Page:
|Publication number||US4595147 A|
|Application number||US 06/588,546|
|Publication date||Jun 17, 1986|
|Filing date||Mar 12, 1984|
|Priority date||Mar 10, 1983|
|Publication number||06588546, 588546, US 4595147 A, US 4595147A, US-A-4595147, US4595147 A, US4595147A|
|Original Assignee||Garber & Hedges Incorporated|
|Export Citation||BiBTeX, EndNote, RefMan|
|Patent Citations (4), Classifications (10), Legal Events (4)|
|External Links: USPTO, USPTO Assignment, Espacenet|
The present invention relates to pulverizing mills and more particularly relates to self attrition pulverizing mills.
There is disclosed herein a pulverizing mill comprising a hollow housing into which granular material to be milled is delivered, a rotor assembly rotatable within said housing and adapted to engage said material so as to reduce the granular size thereof, and wherein said rotor comprises a driven shaft, a plurality of angularly spaced slinger blades extending radially from said shaft, said blades being adapted to engage said material upon entering said housing to propel said material radially outwardly to impact against the internal surfaces of said housing so as to cause milling of said material, a plurality of blower blades spaced axially below said slinger blades being adapted to cause circulation of air within said housing to cause said material to flow therethrough, and wherein said rotor is at least partly supported by resilient bearing means which allow the rotor to rotate about its centre of gravity.
A preferred form of the present invention will now be described by way of example with reference to the accompanying drawings wherein:
FIG. 1 is a schematic sectioned side elevation of an attrition mill; and
FIG. 2 is a schematic sectioned plan view of the mill of FIG. 1 sectioned along the line A--A.
In FIGS. 1 and 2 there is schematically illustrated a self attrition pulverizing mill 30. The mill 30 includes a motor 1 which drives a shaft 3 utilising a V belt sheath combination 2, or any other suitable drive 3, to transfer power to a shaft 10. The shaft 3 is supported by bearings 4 and drives the shaft 10 by means of a flexible coupling 5. The flexible coupling 5 accommodates any axial misalignment or displacement of the two shafts 3 and 10. The shaft 10 is supported by means of a self aligning bearing 6 and a spring loaded bearing 7 which is more fully depicted in FIG. 2. The shaft 10 is rigidly coupled through a welded hub and bushing 12 to rotor assembly 27. Because of this arrangement, the rotor, if unbalanced due to wear or any reason, will rotate about its true centre of gravity without harmful vibration.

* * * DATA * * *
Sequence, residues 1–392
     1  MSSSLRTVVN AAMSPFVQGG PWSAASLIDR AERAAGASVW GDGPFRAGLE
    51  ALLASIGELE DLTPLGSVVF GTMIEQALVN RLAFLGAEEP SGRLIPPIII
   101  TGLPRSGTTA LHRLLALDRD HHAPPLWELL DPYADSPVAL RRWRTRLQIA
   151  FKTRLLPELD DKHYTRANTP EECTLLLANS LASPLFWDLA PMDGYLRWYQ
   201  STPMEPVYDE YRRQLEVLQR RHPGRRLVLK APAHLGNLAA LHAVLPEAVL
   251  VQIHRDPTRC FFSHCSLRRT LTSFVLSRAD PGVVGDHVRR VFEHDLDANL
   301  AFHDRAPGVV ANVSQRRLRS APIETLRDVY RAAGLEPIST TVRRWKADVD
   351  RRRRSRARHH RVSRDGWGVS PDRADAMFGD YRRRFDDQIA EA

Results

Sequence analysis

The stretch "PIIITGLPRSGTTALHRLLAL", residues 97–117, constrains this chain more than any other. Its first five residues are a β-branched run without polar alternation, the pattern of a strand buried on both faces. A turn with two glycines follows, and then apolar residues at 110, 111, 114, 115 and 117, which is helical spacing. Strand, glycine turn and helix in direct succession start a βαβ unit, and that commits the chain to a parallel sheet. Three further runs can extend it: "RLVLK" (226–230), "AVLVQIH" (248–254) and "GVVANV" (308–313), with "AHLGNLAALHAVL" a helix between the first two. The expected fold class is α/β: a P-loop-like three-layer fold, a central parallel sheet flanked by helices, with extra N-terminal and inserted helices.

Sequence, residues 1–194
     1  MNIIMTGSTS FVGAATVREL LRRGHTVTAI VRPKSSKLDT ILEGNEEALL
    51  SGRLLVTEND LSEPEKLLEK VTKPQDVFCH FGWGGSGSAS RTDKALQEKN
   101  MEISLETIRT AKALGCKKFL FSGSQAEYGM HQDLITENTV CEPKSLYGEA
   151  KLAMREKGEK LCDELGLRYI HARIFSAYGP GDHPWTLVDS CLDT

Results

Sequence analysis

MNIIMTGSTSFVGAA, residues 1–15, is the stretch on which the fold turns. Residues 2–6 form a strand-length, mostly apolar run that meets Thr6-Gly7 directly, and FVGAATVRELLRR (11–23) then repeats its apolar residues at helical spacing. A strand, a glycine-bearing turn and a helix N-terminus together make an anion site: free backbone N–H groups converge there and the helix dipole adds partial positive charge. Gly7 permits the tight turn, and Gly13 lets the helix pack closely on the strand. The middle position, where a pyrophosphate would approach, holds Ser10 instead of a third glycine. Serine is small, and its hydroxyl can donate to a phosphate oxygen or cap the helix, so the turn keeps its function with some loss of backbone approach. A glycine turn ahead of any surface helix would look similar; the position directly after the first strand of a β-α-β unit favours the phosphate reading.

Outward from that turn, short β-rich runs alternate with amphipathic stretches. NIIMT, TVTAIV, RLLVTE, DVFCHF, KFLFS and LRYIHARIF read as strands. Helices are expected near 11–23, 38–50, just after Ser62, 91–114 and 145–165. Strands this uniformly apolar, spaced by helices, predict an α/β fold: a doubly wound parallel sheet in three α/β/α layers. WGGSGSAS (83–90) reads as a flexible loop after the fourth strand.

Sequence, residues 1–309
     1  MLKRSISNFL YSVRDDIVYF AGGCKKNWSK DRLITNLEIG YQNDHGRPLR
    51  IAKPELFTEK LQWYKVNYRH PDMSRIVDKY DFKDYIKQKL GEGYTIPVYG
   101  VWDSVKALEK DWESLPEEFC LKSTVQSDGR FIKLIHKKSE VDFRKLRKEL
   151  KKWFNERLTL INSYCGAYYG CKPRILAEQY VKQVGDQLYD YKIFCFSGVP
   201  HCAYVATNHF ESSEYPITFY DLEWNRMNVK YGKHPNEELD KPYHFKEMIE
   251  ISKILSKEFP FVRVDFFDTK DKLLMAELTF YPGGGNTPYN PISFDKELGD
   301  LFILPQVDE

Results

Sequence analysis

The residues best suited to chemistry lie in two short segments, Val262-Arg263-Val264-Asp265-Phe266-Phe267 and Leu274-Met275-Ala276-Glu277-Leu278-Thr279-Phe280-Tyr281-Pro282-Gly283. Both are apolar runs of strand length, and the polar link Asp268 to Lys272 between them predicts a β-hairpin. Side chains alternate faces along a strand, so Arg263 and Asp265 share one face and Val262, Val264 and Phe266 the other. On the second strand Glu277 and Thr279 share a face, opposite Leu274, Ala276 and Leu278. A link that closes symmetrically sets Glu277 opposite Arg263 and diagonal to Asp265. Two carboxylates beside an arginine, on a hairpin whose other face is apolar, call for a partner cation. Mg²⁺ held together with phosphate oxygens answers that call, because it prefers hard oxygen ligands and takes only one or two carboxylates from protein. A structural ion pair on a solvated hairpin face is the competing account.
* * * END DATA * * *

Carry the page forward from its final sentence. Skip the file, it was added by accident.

Dry material, smaller than 1 inch diameter is continuously fed to inlet 11 where it is slung by slinger bars 13 to the periphery of the mill causing the material to crush due to impact. The finer material is then carried by the rotor bars 16 in a circumferential manner around the periphery of the mill where attrition between particles and the periphery of the mill, reduces the particle size.
Internal air flow is caused by blower blades 15 which force a rotating air stream axially to the cyclone 19 and back through cyclone riser 17 and then to the blower blades 15. This arrangement causes an air drag force on the particles which opposes the centrifugal force on the particles due to the rotor. High air velocities at constant rotor speed results in coarser product exiting through the outlet 24. High rotor speed at constant air velocities results in a finer product.
Thus, particularly size can be controlled by either rotor speed or by air velocity. Rotor speed can be controlled by any variable drive. Air velocities can be controlled by the stripper rod control 21 which can move the stripper rod 25 from the periphery of the rotating riser pipe 17 to the centre of the riser pipe 17. If the stripper rod is at the centre of the riser pipe 17 then centrifugal force fills the riser pipe 17 with fine particles that have escaped cyclone collection by the cyclone 19. The finest particles for a constant rotor speed are collected when air velocities approach zero.
If the stripper rod is controlled so as to be near the periphery of the riser pipe 17, then coarser material will result from a constant rotor speed.
The deflector ring 23 prevents coarse material from escaping the opposing forces of the mill action. This particular ring 23 substantially increases efficiency of the mill.
Coarser, high density materials tend to travel near the bottom plate of the mill enclosure 26 because of lower velocities near the bottom plate due to friction and therefore low centrifugal forces. The outlet 20 collects these high density, coarse particles.
It should be appreciated that the abovementioned rotor consists of items 13 to 18 inclusive.
|Cited Patent||Filing date||Publication date||Applicant||Title|
|US2573129 *||Mar 2, 1949||Oct 30, 1951||Jean Dulait||Two-stage rotary pulverizer|
|US3490704 *||Aug 9, 1966||Jan 20, 1970||Asbestos Grading Equipment Co||Mills for the comminution of raw material|
|US3640275 *||May 5, 1970||Feb 8, 1972||Burron Medical Prod Inc||Intravenous needle assembly|
|US3834631 *||Apr 18, 1973||Sep 10, 1974||King T||Spin breaking process|
|U.S. Classification||241/55, 241/101.2, 241/152.2, 241/275|
|International Classification||B02C13/26, B02C13/14|
|Cooperative Classification||B02C13/26, B02C13/14|
|European Classification||B02C13/26, B02C13/14|
|Mar 12, 1984||AS||Assignment|
Owner name: GARBER & HEDGES INCORPORATED, SAN PEDRO, CA. 90733
Free format text: ASSIGNMENT OF ASSIGNORS INTEREST.;ASSIGNOR:HEDGES, KENNETH;REEL/FRAME:004240/0023
Effective date: 19840309
|Feb 15, 1990||REMI||Maintenance fee reminder mailed|
|Jun 17, 1990||LAPS||Lapse for failure to pay maintenance fees|
|Aug 28, 1990||FP||Expired due to failure to pay maintenance fee|
Effective date: 19900617